The Koch Studiotone

No-Sweat Double-Duty
The Koch Studiotone
The Koch StudiotonePrice: $1,595 (head)
Contact: Koch Guitar Electronics, Neonweg 27, 3812 RG Amersfoort, The Netherlands; phone: +31 174 515015;

Koch Amplifier’s 20-watt Studiotone uses an all-tube circuit powered by a matched pair of Ruby EL84 tubes producing 20 watts and three 12AX7A preamp tubes.

The Studiotone’s lightweight, compact (19 pounds/18″ x 9″ x 9″) cabinet is made of 11-ply birch plywood covered in black tolex with chrome hardware. It may be small, but it’s loaded with features, including three footswitchable channels (Clean, Overdrive 1 and Overdrive +), spring reverb, a recording output with a speaker dummy load, cabinet emulation, effects loop, and high-quality components. The control layout includes a three-way toggle for switching between channels labeled Clean, OD, and OD+, a three-way Gain toggle for the OD+ channel, clean Volume for the Clean channel, Gain and Volume for the OD channel, active Treble, Mid, and Bass tone controls, a Mid Shift mini-toggle, three-way Bright switch, Reverb knob, and switches for Standby and Power.

The rear panel houses three 1/4″ speaker-output jacks (4-, 8-, and 16-ohm), a speaker on/off switch that switches to a dummy load and the recording output section, a headphone jack, two 1/4″ Line Output jacks (filtered and unfiltered), a 1/4″ recording output jack, a two-position cabinet emulation switch (single 12″ or 4×12″), a two-position microphone angle switch (on-axis and off-axis), a pair of effects loop in/out jacks, a footswitch jack, and detachable power cable inlet.

We listened to the Studiotone by plugging in a Fender Custom Shop Custom Classic Stratocaster, a Paul Reed Smith McCarty Soapbar, and a Hamer Studio with Seymour Duncan Antiquity humbuckers. We plugged into the matching Koch 2×12″ closed-back cab with Koch ceramic-magnet speakers, and an open back 2×12″ with Tone Tubby speakers.

With the Strat and the PRS, the amp’s clean tones were round and Fender-like. The active tone controls, Bright switch, and two-position Mid Shift proved very well-voiced and made compensating between the Strat and the PRS single-coils a breeze. The Bright switch works great with the Strat’s extra-hot bridge pickup, and allowed us to nicely soften highs.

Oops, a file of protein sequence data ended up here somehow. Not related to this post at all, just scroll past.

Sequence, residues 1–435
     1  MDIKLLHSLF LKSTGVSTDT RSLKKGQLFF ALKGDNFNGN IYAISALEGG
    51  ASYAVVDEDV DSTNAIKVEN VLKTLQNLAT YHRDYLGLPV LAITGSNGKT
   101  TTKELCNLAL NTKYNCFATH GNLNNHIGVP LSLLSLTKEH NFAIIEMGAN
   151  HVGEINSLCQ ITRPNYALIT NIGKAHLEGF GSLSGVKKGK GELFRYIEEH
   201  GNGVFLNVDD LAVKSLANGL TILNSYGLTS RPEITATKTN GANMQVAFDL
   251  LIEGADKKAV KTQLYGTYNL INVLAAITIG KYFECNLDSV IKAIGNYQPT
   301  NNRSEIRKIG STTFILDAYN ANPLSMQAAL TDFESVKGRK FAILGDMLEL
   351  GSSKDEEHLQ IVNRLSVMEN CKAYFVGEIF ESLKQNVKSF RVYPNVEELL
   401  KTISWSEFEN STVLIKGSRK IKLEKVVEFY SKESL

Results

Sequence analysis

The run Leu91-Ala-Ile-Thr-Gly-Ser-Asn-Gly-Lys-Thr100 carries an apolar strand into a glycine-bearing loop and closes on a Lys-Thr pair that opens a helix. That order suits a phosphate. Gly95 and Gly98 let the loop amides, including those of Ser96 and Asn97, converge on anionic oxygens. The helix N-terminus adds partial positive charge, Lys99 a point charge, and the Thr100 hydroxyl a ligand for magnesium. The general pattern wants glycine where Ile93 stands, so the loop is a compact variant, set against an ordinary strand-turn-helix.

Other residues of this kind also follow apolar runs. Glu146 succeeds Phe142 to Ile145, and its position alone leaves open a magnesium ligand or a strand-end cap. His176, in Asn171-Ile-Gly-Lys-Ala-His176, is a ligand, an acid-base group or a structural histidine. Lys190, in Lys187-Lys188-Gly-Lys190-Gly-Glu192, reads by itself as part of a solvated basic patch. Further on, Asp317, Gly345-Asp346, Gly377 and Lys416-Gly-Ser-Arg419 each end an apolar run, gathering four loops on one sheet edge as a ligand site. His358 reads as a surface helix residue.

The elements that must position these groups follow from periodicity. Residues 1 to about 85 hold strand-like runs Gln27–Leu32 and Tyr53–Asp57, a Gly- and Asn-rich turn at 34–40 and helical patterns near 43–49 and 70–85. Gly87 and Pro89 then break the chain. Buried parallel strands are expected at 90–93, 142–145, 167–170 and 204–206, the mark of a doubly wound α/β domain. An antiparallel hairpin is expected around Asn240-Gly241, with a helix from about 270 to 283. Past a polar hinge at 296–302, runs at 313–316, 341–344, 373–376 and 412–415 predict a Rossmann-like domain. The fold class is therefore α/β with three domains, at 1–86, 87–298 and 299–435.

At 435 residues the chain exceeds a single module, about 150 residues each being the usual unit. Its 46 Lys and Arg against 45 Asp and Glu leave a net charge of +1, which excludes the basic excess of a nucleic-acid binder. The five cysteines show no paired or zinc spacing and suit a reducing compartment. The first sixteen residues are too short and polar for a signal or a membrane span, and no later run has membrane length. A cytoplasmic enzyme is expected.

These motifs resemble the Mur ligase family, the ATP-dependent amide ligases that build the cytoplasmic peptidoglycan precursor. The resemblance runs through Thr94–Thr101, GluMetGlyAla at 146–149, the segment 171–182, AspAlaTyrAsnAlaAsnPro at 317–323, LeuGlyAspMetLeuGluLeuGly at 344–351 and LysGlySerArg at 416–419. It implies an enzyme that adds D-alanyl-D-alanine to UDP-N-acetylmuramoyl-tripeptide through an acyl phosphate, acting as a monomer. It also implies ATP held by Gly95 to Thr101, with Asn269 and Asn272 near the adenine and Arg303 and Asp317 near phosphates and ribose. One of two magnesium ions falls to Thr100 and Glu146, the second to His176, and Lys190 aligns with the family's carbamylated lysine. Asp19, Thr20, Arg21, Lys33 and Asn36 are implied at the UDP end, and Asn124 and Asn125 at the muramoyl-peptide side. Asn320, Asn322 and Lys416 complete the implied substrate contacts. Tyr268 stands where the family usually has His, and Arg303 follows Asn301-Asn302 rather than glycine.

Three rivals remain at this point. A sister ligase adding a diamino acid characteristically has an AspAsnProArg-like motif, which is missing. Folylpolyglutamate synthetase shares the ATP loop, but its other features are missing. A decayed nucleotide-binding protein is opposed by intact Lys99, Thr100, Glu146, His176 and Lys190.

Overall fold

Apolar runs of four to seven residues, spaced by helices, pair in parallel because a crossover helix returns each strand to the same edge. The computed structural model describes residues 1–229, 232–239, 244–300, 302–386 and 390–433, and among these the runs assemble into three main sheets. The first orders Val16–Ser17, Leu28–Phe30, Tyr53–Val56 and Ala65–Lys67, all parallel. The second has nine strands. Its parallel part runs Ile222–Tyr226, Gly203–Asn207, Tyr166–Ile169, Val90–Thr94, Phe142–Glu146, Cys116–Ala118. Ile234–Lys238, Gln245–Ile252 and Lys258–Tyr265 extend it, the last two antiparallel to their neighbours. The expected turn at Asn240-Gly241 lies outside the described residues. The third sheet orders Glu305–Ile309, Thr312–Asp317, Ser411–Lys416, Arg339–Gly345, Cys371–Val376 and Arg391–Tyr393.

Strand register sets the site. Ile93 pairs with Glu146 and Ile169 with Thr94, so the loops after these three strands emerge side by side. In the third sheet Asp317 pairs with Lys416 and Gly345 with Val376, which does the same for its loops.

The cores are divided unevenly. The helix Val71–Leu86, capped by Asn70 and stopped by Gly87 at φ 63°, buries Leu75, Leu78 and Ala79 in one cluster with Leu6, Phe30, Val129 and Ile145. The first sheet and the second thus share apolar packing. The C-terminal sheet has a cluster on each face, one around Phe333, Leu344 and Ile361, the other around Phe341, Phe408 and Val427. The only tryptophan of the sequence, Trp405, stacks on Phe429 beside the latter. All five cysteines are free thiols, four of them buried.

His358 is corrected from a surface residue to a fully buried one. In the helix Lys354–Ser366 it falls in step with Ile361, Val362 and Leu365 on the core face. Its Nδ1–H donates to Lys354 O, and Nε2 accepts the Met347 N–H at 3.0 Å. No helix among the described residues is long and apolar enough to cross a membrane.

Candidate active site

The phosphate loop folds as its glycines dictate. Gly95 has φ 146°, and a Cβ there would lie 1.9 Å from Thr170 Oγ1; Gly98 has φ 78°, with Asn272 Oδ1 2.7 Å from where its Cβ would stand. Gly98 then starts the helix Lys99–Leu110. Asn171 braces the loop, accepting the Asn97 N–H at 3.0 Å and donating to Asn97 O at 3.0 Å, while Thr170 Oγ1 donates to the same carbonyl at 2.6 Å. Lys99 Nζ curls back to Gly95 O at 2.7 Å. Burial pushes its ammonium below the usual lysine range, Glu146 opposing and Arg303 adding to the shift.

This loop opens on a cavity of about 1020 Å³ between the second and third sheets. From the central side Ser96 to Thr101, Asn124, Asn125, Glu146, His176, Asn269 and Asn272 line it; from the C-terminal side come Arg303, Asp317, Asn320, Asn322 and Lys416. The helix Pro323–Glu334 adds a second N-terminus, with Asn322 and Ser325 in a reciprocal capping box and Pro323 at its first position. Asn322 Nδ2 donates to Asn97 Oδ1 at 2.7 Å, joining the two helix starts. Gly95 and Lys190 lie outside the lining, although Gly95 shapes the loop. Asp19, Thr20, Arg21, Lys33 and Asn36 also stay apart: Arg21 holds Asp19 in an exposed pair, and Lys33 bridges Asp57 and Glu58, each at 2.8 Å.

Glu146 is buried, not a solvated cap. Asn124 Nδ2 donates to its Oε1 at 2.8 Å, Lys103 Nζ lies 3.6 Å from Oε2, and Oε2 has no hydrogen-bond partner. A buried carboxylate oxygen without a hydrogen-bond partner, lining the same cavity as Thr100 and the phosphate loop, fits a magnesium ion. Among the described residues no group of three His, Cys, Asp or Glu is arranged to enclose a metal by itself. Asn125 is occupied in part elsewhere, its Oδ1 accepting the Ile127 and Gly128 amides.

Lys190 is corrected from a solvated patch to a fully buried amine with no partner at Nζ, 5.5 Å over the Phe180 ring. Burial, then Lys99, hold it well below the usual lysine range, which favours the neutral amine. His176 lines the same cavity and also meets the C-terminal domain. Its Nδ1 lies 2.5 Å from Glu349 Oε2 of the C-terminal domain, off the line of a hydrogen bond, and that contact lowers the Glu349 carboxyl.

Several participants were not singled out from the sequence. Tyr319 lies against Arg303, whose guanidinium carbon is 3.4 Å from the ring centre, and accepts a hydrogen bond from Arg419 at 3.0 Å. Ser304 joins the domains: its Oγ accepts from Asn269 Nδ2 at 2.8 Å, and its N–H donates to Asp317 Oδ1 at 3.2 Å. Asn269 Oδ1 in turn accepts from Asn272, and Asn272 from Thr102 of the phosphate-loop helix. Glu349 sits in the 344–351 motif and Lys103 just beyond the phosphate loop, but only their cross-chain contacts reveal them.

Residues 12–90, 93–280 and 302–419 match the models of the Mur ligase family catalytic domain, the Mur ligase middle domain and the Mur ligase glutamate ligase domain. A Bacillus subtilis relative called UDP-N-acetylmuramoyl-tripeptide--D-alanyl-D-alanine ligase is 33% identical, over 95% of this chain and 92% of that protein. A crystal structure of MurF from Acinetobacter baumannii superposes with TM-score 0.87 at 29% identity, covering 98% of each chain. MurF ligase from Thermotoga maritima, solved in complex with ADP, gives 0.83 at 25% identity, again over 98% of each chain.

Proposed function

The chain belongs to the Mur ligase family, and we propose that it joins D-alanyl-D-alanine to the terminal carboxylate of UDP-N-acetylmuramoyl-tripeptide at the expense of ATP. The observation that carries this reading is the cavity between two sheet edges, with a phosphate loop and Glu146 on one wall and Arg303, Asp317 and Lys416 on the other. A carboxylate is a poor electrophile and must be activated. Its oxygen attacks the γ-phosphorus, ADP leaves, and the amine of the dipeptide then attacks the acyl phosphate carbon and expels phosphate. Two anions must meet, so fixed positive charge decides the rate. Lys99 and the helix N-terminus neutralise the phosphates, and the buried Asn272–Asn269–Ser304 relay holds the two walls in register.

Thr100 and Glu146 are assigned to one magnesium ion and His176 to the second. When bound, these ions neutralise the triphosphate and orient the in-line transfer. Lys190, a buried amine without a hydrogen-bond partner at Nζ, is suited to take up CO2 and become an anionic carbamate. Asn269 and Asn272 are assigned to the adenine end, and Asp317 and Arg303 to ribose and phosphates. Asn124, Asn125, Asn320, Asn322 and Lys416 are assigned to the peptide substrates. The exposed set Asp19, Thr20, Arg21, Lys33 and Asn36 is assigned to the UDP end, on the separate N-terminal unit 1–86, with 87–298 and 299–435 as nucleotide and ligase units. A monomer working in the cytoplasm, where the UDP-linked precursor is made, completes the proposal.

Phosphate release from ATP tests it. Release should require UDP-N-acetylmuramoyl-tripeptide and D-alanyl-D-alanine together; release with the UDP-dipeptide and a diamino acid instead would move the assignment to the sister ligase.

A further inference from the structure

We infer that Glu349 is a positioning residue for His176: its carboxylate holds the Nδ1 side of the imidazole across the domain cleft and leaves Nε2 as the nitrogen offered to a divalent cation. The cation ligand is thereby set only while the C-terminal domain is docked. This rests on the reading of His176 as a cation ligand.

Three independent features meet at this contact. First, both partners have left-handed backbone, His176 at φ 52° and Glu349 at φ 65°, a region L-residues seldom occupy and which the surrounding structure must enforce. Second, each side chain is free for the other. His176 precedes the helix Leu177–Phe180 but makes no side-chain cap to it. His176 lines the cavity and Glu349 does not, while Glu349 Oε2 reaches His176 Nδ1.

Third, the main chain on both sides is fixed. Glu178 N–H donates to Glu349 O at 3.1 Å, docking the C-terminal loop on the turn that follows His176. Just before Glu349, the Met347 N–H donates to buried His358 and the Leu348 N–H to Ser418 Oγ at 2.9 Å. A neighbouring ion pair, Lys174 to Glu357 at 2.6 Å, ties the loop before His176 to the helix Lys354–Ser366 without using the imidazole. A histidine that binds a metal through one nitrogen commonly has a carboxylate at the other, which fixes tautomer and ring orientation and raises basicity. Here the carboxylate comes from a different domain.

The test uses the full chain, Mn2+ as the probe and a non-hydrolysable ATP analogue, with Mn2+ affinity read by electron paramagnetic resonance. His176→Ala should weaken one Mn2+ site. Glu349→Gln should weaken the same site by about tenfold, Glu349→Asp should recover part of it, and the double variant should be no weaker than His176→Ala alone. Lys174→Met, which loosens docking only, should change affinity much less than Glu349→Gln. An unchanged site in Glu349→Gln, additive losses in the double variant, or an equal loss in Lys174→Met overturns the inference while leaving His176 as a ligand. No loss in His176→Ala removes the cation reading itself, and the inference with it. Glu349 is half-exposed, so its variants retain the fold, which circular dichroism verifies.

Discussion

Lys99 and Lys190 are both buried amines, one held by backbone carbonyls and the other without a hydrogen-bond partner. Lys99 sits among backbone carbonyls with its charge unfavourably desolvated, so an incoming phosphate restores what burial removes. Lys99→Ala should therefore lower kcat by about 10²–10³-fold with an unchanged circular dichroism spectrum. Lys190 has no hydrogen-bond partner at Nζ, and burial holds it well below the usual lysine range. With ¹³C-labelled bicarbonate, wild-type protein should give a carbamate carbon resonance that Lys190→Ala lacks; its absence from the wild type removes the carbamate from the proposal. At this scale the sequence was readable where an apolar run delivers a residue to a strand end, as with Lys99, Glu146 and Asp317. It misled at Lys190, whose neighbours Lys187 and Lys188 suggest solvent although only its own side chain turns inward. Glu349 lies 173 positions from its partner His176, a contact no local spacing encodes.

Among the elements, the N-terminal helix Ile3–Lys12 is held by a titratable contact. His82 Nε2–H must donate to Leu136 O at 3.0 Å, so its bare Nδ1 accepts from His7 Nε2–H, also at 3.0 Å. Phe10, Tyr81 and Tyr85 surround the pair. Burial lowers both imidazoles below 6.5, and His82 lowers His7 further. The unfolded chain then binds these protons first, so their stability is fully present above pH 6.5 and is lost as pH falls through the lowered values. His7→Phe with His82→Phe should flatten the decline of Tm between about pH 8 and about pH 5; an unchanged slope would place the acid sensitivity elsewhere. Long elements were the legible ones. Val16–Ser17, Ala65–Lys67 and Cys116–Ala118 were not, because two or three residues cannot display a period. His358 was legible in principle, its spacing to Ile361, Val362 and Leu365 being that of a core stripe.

Switching the amp to OD proffered an excellent, slightly aggressive blues-overdrive tone with fair amount of sustain and nice, dirty overtones. For the most part, we kept the tone controls between the 10 o’clock and 2 o’clock positions. With the amp’s Volume controls turned all the way up and the Hamer plugged into OD+, we used the Midrange control to scoop the mids for a modern overdrive/distortion sound. This setting also let us truly utilize the Mid Shift switch to get two distinct sounds, changing the frequency of the midrange control from a higher, more cutting sound to a lower, deeper sound.

Though the Twintone produces only 20 watts output, it is undoubtedly loud enough for most small-to-medium-sized-club gigs, unless you need a pristine clean tone at high volumes, as even the clean channel broke up a little when the EL84 power tubes are pushed to higher volumes.

As with both of our previous tests involving Koch amps, the reverb circuit in the Twintone is outstanding – lush, with a crisp, clean tone and a deep dwell.

We tested the Studiotone’s recording output by connecting it to a small console and a pair of JBL reference monitors. Through the recording rig, it gave a very accurate representation of how it sounds through the two speaker cabinets. The cabinet emulation switch offers two subtle tone options – a tighter, thicker sound with enhanced low-end response in the 4×12″ position, and a more open/even combo-amp tone in the 1×12″ position. The microphone position switch also gave very usable options; the direct/on-axis position offered a brighter, more articulate sound than the off-axis position, which gave a dark, more midrange-oriented tone more suitable for heavy overdrive.

With its recording output section and compact design, the Koch Studiotone is a very giggable amp that could run a favorite cabinet at the gig, then the head could be easily hauled home or to the studio to record direct while still delivering “live” gigging tone. – Phil Feser

This article originally appeared in VG’s April 2007 issue. All copyrights are by the author and Vintage Guitar magazine. Unauthorized replication or use is strictly prohibited.

No posts to display